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Should Startups Consider Selling to a SPAC? — Nexus Louisiana Tech Park

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Special purpose acquisitions companies (SPACs) have boomed in recent years, growing from 59 SPAC IPOs in 2019, 248 in 2020, and 144 in the first six weeks of 2021 set a pace for more than 1,000 this year. With more than 300 SPACs currently looking for deals, it can be tempting to view a SPAC merger as a potential next-step or a long-term strategy for startups and growing tech firms. But as University of Florida finance professor and Cordell Eminent Scholar, Jay Ritter, told us, “That exponential growth won’t last forever.”

So, is it time for startups to strike while the iron is hot and make a deal? There’s no clear answer. Or, as your lawyers so often say, “It depends.” Prof. Ritter did provide a few thoughts on how entrepreneurs can start evaluating the process, the SPAC, and the risk.

You’ve got to be big enough

Most SPACs on the market now have raised at least $100 million, and they’re structured to merge with one and only one company. They’ll need to find a business that can handle the influx of capital, which typically rules out those worth less than $100 million. To judge if your company would be a worthwhile target for a SPAC, Ritter suggests founders consider the size and success requirements of a traditional IPO. If they’re not large enough or ready to go public with an IPO, a SPAC might not be a smart financial decision.

“For most small companies, especially those in an incubator, private venture capital financing is going to be a next step rather than tapping public capital markets,” says Ritter. “There are occasional exceptions, but in general, most quality SPACs will tell smaller companies, under at least $50 million, that they need to wait until they grow up.”

There must be value in the cash and sponsor

If you meet the valuation floor, the next area to estimate the SPAC merger’s worth is with the specific sponsor. Most SPAC deals involve sponsors taking at least one seat on the company’s board. Founders should look for someone who can provide support or guidance in broad terms and specific to their industry.

“Who the SPAC sponsors are matters,” says Ritter. “Many are high profile executives in an industry, such CEOs of well-known companies or those known in the industry. While others might be a financier who knows nothing about your industry. There are a variety of players and, as with many things in life, some of the players are of a higher quality and can add more value than others.”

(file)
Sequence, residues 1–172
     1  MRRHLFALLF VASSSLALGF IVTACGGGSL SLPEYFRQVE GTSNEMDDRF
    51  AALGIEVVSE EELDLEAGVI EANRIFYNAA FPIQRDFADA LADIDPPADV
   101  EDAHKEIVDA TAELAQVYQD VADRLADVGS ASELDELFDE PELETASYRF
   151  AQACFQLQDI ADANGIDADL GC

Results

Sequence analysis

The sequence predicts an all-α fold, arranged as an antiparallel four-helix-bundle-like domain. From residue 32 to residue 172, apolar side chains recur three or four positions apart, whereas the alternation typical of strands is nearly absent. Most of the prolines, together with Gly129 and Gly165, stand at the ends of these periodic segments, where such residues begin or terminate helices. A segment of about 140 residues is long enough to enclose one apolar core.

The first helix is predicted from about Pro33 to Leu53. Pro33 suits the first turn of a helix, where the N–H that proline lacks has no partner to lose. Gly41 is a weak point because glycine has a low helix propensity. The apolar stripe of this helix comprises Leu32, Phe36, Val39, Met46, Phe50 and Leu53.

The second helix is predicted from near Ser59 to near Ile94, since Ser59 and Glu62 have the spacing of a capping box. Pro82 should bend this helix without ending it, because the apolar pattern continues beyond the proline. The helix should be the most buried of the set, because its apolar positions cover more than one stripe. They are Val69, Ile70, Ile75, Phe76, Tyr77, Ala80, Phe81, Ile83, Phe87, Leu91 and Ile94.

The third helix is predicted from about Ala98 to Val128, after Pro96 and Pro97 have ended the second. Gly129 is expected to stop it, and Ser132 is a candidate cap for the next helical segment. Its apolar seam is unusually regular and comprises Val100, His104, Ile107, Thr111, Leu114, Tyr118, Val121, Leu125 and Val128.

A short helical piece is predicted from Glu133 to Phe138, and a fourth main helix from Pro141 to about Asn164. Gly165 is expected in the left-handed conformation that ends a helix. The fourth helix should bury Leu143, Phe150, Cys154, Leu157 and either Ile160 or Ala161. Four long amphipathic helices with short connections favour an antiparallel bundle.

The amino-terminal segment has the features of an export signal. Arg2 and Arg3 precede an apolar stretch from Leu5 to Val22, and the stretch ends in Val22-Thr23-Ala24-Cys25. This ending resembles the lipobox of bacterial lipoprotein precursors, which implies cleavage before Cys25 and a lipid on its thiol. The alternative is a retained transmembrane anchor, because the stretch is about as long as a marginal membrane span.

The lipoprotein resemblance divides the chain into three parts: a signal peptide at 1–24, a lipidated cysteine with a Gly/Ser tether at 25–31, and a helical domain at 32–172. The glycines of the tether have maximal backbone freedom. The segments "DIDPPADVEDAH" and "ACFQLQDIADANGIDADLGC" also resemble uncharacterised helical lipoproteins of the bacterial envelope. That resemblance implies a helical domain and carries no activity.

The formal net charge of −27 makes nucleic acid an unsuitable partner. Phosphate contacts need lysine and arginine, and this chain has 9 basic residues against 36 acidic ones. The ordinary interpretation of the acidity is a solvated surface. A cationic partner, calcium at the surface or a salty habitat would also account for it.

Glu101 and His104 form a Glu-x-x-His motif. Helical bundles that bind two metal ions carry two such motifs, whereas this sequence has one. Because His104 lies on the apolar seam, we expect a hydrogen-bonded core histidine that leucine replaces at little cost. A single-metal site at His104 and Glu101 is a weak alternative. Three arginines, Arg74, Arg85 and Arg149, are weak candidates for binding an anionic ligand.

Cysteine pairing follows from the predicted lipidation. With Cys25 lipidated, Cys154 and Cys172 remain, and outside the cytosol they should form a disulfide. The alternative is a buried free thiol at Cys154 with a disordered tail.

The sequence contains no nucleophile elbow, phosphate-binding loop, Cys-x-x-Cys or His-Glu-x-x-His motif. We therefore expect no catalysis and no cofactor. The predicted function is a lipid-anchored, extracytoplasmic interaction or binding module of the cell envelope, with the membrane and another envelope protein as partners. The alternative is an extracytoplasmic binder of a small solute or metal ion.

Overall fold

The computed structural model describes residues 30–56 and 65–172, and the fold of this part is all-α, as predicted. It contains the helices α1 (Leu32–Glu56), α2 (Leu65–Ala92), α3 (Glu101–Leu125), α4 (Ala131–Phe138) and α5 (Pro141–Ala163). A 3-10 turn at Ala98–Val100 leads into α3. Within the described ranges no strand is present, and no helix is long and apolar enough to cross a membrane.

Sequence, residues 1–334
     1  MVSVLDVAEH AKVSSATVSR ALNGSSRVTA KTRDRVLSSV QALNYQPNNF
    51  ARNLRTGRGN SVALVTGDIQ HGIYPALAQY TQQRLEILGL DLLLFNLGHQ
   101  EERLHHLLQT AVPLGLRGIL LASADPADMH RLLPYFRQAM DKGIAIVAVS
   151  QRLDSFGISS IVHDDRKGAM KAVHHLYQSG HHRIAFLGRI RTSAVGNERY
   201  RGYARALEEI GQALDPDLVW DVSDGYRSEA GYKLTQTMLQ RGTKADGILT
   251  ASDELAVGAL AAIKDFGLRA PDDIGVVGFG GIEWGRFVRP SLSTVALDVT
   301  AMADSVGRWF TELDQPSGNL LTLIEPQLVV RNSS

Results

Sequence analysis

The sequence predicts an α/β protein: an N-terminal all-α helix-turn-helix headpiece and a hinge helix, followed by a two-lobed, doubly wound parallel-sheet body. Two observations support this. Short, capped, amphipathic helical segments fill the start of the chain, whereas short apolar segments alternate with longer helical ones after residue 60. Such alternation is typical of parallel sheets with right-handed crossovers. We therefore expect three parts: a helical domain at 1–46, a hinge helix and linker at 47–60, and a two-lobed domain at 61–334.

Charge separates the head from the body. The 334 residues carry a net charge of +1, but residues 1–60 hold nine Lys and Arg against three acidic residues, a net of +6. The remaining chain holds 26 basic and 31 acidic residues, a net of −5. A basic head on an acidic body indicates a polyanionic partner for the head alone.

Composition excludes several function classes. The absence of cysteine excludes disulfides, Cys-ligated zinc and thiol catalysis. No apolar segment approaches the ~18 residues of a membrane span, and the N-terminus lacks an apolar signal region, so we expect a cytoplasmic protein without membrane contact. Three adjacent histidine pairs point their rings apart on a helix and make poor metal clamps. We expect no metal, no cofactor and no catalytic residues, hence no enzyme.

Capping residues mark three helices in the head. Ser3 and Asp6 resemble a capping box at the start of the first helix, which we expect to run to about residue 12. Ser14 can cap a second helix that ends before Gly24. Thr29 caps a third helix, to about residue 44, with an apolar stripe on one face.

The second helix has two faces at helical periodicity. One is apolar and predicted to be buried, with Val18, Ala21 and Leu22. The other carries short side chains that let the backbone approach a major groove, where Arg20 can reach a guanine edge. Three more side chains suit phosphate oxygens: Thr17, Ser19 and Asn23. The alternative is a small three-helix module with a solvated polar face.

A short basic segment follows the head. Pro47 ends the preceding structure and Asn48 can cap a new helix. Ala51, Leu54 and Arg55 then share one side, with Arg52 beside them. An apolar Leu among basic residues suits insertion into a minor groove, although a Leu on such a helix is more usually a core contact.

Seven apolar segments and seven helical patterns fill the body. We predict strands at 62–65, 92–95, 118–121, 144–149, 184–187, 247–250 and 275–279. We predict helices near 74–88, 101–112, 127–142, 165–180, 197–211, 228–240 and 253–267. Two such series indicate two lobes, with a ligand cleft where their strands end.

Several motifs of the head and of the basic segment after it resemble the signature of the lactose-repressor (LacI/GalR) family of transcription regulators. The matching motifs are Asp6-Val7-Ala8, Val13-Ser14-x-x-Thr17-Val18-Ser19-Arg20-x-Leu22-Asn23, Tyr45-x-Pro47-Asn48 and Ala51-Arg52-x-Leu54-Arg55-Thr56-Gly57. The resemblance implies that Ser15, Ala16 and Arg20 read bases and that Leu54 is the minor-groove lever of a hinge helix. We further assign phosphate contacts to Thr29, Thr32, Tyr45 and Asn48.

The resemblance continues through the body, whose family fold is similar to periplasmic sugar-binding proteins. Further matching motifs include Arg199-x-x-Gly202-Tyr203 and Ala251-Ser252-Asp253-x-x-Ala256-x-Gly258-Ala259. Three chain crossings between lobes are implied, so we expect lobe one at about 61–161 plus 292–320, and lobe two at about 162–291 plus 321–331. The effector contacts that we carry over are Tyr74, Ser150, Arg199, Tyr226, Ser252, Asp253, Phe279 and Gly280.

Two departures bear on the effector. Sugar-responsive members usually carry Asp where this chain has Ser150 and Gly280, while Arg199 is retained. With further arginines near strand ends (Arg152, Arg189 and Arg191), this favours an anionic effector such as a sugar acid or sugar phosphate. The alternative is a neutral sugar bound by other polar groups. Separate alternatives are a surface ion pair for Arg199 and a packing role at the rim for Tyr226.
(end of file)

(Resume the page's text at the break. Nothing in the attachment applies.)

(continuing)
He also notes that companies need somewhere for the capital to go. Companies should be large enough to use the money they’re gaining and have clear targets for their distribution. It can be a warning sign if a company isn’t large enough to reasonably spend the funds without waste or the risk of it generating significant scope creep in their mission.

“If you’re a tiny company with a few employees, what are you going to do with all this money? Investors want to know you won’t waste it,” says Ritter.

Don’t forget the SPAC’s investors and situation

If an entrepreneur is approached but unfamiliar with SPAC acquisitions, turn to an advisor for help evaluating the offer and the market. Law firms, investment banking firms, evaluation firms, and others with experience can help an owner make sense of the legalese and risk involved.

The SPAC is already a public company, so a merger will speed up the traditional timetable for a company going public. Beyond the financials needing to be in order sooner, this gives companies less time to prepare. There’s always the risk that a deal looks good, but the market takes a downturn or experiences another disruption. Like many market moves, negotiators can have the best intentions, but suddenly the market grows cold, and a deal starts to evaporate.

“SPAC investors also have the right to ask for their money back from the SPAC if they don’t like the deal,” says Ritter. “So, in negotiating a deal, the company obviously wants to keep as much for itself as possible. But on the other hand, it does have to offer enough to the other side to keep the deal from collapsing.

“A good business is fundamentally the most important thing that will create value for a company and a SPAC partner.”

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